The prices of lab prop cyps have come down as the availability has increased because responsible gardners only buy lab prop cyps. Why not encourage the growers to continue to increase supply by giving, and encouraging others to give them the money instead of those that wild collect? Habitat degradation and wild collection put tremendous pressure on wild populations of Cyps. Looking to federal legislation for a moral compass is a pretty monumental mistake under any circumstance.

To answer the original poster's question, yes you can grow ladyslippers. There is a lot of info on-line and a few good books on how to do it. The time and money to do the research and preperation for growing is a small investment and well worth it. Yellow ladyslippers are what most start with because they are considered easiest (not easy).

PF as far as I know Roberts is the only one offering reasonably sized lab prop candidum, not sure characterizing them or any cyp as "readily propogated" is entirely accurate. Maybe Ross and I will find out later this year.

    Bookmark   May 11, 2005 at 12:58PM
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By readily propogated I mean that literally thousands of new plants are being artifically grown each year. In fact, every year the number of plants being grown is increasing many fold. These plants are not necessarily grown by commercial operations only. I know a few private collectors doing their own work. Given the demanding nature of Cyp cultivation, I'd say the only ones that may one day become widely available through large distributors (Home Depot, etc.) are some of the hybrids. Most species are just too touchy in the garden.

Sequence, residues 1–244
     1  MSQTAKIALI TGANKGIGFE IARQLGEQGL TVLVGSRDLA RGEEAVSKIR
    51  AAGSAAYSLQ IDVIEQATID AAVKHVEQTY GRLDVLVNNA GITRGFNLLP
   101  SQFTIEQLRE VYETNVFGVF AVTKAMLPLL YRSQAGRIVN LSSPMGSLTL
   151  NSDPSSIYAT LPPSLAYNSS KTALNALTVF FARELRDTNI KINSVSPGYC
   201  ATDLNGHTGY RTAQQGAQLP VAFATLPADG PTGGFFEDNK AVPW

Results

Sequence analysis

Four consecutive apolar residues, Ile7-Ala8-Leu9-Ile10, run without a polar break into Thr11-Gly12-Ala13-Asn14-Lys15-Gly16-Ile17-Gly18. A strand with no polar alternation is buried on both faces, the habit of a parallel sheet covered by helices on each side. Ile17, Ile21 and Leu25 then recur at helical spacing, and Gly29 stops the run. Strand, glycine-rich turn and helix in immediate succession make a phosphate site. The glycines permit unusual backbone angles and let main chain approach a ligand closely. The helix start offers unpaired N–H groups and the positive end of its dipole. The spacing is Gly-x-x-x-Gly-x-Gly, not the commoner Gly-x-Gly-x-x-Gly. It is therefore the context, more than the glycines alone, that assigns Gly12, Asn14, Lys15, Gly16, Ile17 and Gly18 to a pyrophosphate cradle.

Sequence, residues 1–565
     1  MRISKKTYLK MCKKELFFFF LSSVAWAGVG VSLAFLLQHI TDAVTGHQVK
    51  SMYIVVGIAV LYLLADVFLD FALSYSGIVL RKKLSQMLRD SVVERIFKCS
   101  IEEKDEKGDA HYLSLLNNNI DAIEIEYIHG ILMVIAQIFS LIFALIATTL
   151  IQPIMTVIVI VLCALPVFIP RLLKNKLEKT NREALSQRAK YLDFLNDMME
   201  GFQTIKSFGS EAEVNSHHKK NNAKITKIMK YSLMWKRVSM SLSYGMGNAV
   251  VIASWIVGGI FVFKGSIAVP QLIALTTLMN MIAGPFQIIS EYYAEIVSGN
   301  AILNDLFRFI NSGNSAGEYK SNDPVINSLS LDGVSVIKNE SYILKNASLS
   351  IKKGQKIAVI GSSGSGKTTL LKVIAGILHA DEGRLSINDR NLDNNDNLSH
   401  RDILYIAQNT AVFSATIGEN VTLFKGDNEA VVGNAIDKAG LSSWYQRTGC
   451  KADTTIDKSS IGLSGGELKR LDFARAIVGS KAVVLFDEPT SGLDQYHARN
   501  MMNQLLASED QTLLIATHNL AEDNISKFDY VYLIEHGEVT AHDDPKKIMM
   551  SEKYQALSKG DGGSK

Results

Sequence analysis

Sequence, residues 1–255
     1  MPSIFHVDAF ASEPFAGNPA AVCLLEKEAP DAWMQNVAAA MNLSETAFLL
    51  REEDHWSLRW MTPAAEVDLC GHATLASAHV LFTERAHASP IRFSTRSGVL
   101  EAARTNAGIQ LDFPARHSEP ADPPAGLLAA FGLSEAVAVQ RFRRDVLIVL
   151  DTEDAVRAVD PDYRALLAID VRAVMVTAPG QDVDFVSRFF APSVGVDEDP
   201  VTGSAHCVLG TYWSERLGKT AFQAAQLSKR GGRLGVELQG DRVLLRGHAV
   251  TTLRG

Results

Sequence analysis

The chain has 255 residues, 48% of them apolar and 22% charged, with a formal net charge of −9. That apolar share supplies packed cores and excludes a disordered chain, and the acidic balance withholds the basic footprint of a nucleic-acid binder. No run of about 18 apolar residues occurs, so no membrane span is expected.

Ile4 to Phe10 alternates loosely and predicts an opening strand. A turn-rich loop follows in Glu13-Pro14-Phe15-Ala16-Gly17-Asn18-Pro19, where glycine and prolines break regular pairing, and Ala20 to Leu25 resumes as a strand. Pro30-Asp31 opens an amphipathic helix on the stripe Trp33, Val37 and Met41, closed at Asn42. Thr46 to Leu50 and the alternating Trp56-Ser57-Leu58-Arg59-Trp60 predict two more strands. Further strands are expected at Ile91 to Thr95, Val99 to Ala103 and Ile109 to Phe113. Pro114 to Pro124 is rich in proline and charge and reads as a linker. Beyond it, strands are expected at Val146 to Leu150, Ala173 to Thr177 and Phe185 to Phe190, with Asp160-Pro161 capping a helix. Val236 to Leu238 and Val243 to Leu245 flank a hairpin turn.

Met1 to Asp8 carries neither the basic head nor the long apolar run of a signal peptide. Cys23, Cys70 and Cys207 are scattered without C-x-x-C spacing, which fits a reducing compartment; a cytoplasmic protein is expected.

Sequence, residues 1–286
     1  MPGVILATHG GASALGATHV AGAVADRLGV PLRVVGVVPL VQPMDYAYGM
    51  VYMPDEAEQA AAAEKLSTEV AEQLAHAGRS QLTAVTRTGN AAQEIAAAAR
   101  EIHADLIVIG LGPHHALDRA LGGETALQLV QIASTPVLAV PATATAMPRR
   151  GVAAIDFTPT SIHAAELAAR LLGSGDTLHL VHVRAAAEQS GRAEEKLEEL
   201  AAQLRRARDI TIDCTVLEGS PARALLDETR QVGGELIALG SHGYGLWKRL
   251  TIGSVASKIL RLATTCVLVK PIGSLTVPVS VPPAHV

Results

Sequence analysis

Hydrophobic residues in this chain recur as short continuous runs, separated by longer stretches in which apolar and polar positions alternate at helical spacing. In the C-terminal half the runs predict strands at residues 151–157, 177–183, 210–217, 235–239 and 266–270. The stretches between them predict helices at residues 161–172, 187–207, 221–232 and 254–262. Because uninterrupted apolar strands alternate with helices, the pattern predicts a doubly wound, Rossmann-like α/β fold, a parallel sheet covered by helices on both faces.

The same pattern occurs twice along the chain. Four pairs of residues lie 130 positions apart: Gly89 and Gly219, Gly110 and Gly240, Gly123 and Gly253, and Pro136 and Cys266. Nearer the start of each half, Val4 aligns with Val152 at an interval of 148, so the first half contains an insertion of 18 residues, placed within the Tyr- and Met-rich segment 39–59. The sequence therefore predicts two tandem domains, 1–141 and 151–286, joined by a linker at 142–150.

Companies such as Spangle Creek Labs and the Vermont Ladyslipper Co. have already produced and sold thousands of plants (including C. candidum). The company Phytesia in Belgium likewise is currently producing and selling thousands more. Within a decade from now the number and variety of Cyps available on the world market will skyrocket in comparison with the plants available today. However, they will never be easy plants to grow.

Here are a few links to the named companies above, if anyone's interested. There are other sources, both within the US and abroad.


Spangle Creek

Vermont Ladyslipper


    Bookmark   May 11, 2005 at 4:55PM
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kwoods(Cold z7 Long Is)